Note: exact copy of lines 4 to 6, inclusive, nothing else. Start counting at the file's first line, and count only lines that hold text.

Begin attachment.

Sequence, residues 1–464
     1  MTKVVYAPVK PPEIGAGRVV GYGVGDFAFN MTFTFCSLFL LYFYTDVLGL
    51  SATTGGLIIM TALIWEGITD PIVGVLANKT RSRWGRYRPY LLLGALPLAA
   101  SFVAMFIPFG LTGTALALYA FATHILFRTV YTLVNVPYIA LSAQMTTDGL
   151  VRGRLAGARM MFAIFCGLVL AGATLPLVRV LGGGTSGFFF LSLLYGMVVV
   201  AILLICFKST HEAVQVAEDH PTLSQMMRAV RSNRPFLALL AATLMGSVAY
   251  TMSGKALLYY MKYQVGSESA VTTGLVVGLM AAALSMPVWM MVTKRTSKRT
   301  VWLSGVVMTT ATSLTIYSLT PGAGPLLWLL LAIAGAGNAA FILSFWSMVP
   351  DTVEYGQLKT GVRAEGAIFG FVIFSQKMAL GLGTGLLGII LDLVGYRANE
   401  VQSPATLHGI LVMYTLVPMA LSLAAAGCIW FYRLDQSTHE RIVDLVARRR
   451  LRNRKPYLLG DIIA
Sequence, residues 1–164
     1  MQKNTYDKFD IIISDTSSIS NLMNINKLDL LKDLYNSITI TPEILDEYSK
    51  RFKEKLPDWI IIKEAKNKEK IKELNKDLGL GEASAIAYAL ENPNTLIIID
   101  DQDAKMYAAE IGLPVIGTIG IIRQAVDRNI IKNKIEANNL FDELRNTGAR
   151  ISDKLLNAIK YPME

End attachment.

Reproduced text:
   101  SFVAMFIPFG LTGTALALYA FATHILFRTV YTLVNVPYIA LSAQMTTDGL
   151  VRGRLAGARM MFAIFCGLVL AGATLPLVRV LGGGTSGFFF LSLLYGMVVV
   201  AILLICFKST HEAVQVAEDH PTLSQMMRAV RSNRPFLALL AATLMGSVAY